Before he became Patti Smith’s lead guitarist, Lenny Kaye compiled the 2 album set, Nuggets: Original Artyfacts from the First Psychedelic Era. Released in 1972, the two-LP set covered American garage rock and psychedelia from the years 1965-1968 and was a major influence on punk rock. Rhino Records reissued an expanded version of the set in 1998, with 118 tracks in total. I’m profiling and rating each of these 118 tracks, working backwards.
Track 43/118: The Trip by Kim Fowley
Release Year: 1965
From: Los Angeles, California
Aphoristic Rating: 2/10
THE TRIP – Kim Fowley [2:00]
(Dennis Hardesty/Kim Fowley/Ralph Geddes)
Personnel/KIM FOWLEY: vocals * with THE VICTORS – PAUL GEDDES: guitar * BOB ALANIZ: keyboards * JORGE ALANIZ: bass * ED MIKELICK: drums
Produced by KIM FOWLEY
Recorded in Los Angeles, CA
Corby single #CR-206 (1966)
Kim Fowley is a fascinating figure in the history of rock music, someone who’s connected to a vast variety of pop and rock musicians. He’s perhaps best known for his association with The Runaways, a 1970s all-female band featuring Joan Jett and Lita Ford. But he also produced or wrote for acts like Cat Stevens, KISS, and The Modern Lovers. He’s a controversial figure – he was accused of rape and unwanted sexual advances by members of The Runaways.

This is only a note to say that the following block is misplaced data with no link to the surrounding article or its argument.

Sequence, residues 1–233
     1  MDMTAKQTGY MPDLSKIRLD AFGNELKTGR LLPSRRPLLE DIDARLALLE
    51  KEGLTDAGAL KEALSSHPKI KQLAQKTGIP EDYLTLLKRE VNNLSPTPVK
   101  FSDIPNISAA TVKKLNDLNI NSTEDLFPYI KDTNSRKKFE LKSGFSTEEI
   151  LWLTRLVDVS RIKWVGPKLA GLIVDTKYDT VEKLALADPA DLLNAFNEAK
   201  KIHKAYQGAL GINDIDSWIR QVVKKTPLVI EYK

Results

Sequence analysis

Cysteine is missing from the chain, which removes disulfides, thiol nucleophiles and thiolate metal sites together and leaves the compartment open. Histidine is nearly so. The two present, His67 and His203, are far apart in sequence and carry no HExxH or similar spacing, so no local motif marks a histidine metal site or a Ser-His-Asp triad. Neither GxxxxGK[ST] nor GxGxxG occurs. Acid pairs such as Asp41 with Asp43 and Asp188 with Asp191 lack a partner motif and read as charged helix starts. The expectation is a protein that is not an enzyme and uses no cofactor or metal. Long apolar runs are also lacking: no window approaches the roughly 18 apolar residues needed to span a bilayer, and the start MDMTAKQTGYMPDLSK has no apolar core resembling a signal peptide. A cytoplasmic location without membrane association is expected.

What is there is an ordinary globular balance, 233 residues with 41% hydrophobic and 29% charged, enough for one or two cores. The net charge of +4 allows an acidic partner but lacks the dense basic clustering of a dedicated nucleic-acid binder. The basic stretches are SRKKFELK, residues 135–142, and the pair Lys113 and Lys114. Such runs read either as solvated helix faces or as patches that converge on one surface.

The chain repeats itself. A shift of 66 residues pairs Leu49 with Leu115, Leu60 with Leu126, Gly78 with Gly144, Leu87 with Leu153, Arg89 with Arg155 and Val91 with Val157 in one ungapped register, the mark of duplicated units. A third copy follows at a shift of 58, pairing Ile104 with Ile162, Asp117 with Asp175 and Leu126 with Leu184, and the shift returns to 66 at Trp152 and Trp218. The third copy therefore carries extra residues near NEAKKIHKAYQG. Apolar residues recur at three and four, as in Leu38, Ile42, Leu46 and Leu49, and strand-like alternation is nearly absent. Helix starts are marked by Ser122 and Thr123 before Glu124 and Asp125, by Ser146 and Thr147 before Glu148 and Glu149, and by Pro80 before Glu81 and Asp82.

While I was aware of Fowley’s reputation as an Impresario and a Svengali, I wasn’t aware that he released 31 albums as a solo artist. ‘The Trip’ was his first solo single, and it’s easily his most-streamed tune on Spotify. If it’s anything to go by, I’m not in a hurry to check out the rest of his work.
‘The Trip’ is simply Fowley speak singing some inane psychedelic poetry over a mundane vamp. To his credit, Fowley was enough of a visionary to get ahead of the curve in LSD-inspired psychedelia, but it’s a dated track with only the hint of charisma in Fowley’s vocal saving it from complete disaster.
A world of frogs
And green fountains
And flying dogs
And silver cats
And emerald rats
And purple clouds
And faceless crowds
And walls of glass that never pass
And pictures hanging upside-down